Having said that, I liked Richter 10. Too bad the co-author died before they could write another one.
It's fun to speculate, but I'm sure the reality of the situation is far more boring.
The thought makes me have goose-bumps. Did some alient race just take a close look at us? Was there a voyager-style plaque on it? I guess we'll never know now.
Occam tells us that in reality it is most likely just some space debris from some ancient rock-smashing incident, but the fact that this thing continues to defy classification allows us some space to imagine!
1 - https://duckduckgo.com/?q=voyager+gravity+slingshot+diagram&...
Look at it from a sampling bias perspective. The object at its brightest was very dim (19th magnitude) and moving fast. The ability for rapid, repeating full sky surveys is recent (PanSTARRS had been online for around a decade). The limiting magnitude of PanSTARRS is 24th. So if such other such objects exist, of course we are going to find the closest ones first since they are the brightest.
That is incorrect. All motion is not relative, only intertial motion is relative. Spinning implies acceleration on a body which is measurably different from any reference frame compared to a body that is not accelerating
Imagine you're off somewhere space. You're holding a ball in each hand.
1. You're motionless with reference to the Earth. You let go of the balls. They stay put.
2. You're moving away from the earth with a constant velocity. You let go of the balls. They continue to move at the same velocity as you do: This is indistinguishable from case 1.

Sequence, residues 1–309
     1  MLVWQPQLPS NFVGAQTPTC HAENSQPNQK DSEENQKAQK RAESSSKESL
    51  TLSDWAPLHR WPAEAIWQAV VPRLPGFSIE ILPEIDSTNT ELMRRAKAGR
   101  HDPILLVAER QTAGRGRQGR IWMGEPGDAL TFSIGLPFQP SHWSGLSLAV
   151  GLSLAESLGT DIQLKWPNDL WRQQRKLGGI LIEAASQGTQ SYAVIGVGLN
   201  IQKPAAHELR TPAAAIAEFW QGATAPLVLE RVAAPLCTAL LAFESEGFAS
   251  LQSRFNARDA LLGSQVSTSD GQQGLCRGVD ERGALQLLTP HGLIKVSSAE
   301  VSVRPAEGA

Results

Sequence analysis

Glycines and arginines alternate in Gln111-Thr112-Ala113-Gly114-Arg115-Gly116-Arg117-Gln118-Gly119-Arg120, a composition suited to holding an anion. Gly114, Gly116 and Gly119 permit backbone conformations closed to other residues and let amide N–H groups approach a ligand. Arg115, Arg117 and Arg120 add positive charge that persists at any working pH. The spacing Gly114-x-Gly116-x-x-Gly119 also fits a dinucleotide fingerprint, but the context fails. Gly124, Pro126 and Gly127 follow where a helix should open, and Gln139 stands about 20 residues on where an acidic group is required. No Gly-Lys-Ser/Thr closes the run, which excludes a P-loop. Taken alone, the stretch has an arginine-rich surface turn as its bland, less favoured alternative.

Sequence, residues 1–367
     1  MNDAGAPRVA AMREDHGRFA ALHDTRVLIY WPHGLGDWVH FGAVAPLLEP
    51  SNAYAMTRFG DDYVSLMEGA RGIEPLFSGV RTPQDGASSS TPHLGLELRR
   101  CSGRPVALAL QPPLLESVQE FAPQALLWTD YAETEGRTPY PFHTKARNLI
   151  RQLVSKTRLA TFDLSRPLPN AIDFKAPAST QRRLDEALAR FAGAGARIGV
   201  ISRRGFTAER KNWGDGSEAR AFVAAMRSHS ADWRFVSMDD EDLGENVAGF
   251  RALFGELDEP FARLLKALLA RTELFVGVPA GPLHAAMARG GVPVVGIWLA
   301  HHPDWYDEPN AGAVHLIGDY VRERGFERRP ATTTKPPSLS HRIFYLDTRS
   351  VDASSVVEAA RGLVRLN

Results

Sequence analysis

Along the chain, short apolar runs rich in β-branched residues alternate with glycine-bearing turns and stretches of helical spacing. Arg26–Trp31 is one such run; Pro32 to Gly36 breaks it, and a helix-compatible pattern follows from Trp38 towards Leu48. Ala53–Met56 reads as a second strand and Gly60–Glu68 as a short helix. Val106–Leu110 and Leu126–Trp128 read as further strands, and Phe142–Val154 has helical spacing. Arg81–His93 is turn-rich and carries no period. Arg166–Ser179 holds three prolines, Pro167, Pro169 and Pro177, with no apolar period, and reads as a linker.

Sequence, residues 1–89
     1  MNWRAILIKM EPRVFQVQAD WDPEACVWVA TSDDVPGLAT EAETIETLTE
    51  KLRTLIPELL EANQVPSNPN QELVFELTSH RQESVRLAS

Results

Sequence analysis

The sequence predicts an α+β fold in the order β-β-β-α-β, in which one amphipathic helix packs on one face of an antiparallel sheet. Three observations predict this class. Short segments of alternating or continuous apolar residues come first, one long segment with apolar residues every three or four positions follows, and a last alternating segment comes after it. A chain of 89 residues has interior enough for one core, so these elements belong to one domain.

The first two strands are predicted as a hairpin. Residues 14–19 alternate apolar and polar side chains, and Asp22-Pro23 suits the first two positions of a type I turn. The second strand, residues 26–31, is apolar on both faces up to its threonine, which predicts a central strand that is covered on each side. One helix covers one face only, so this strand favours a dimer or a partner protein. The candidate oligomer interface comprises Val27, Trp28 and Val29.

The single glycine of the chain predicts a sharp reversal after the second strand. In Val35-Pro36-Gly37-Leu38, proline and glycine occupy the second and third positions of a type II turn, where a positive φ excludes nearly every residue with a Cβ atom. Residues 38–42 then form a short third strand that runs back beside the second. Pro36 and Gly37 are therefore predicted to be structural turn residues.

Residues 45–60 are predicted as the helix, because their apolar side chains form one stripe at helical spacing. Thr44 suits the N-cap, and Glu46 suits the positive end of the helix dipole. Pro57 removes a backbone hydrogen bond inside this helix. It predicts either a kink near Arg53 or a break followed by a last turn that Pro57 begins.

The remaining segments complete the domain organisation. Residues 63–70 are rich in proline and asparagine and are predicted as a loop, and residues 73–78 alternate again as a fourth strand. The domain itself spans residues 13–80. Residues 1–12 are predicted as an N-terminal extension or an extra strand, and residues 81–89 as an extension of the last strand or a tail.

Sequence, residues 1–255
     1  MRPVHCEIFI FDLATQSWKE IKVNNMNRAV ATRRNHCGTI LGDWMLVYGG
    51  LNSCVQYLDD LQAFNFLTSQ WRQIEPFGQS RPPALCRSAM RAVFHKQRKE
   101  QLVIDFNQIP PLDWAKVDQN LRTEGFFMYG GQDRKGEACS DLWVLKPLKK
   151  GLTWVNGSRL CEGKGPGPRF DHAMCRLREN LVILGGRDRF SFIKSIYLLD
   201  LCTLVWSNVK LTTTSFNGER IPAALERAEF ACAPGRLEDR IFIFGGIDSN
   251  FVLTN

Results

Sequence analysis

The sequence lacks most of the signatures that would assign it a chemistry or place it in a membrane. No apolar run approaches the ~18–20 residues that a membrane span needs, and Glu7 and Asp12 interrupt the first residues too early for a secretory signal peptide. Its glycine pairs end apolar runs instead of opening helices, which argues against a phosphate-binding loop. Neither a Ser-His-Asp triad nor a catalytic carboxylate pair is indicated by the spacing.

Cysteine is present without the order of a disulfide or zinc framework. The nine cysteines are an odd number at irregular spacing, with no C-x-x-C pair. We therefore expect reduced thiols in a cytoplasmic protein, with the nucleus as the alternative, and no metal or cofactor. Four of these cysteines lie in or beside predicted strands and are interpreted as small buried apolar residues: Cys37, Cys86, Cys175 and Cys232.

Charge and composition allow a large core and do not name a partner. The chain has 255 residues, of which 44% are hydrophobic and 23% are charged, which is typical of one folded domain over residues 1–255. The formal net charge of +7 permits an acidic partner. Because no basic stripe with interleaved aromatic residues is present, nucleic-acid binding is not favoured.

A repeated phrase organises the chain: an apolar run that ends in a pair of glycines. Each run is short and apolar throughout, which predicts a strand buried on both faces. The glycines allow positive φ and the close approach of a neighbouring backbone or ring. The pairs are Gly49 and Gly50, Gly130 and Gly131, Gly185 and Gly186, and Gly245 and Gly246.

3. You're accelerating away from the Earth (using rocket boots). You let go of the balls. They do not continue to accelerate with you.
4. You're motionless with respect to Earth, except that you're spinning. Think of the fastest you've ever spun. You'll be really dizzy when you stop. You let go of the balls. They fly off into space, because in order to stay spinning, they need acceleration toward the center of the spin plane. By letting them go, you stop that acceleration, and their trajectory changes (or really, their trajectory change stops).
Velocity is all relative, but acceleration is not. Spinning is acceleration.
Here's another example:
You occupy a cosmos consisting only of you and an apple. You accelerate away from the apple for a moment, then stop accelerating. You now have a constant velocity away from the apple, but it's meaningless to say which of you is actually moving. You each perceive the other as moving away at constant velocity.
Now imagine you start spinning. You feel like you're spinning, and visually, you perceive the apple orbiting you at a bizarrely fast rate. From the apple's perspective, you are spinning. These two perceptions are not symmetric.
Is the point here that I’m spinning with reference to my direction of motion?
This is how plausible simulated gravity works too. A ship spins. It doesn’t require a reference to know whether it’s spinning.
Dirk Schulze had taken that as a subject into his sci-fiction book - Alien Encounter.
Now for a space ship, I agree. Though even then you might benefit from that extra matter in the same way.
Asteroid are per definition not interstellar though (until Oumuamua?).
I'd love to see a scenario where we'd build robot terraforming fleets that'd land on an uninhabited planet, make it habitable, complete with spaceports, cities, factories, crops (all permanently tended for robots), build a couple extra fleets and launch to their next most promising targets.
And then, for some reason, humans lose interest in all that and someone else wakes up to find a universe full of 60's futuristic utopian planets nobody ever lived in.
Reminds me of the paperclips game . Would be horrid to find those people wake up and find the universe transformed into nothing but paperclips. 
A tumbling probe that doubles as a cosmic pointer to home. Cool.
Maybe somebody should check if that "slightly acceleration" bring it closer or farther to Earth.
Maybe we have been photographed. I hope it's not that somebody shoot us and failed.
100%, because it happened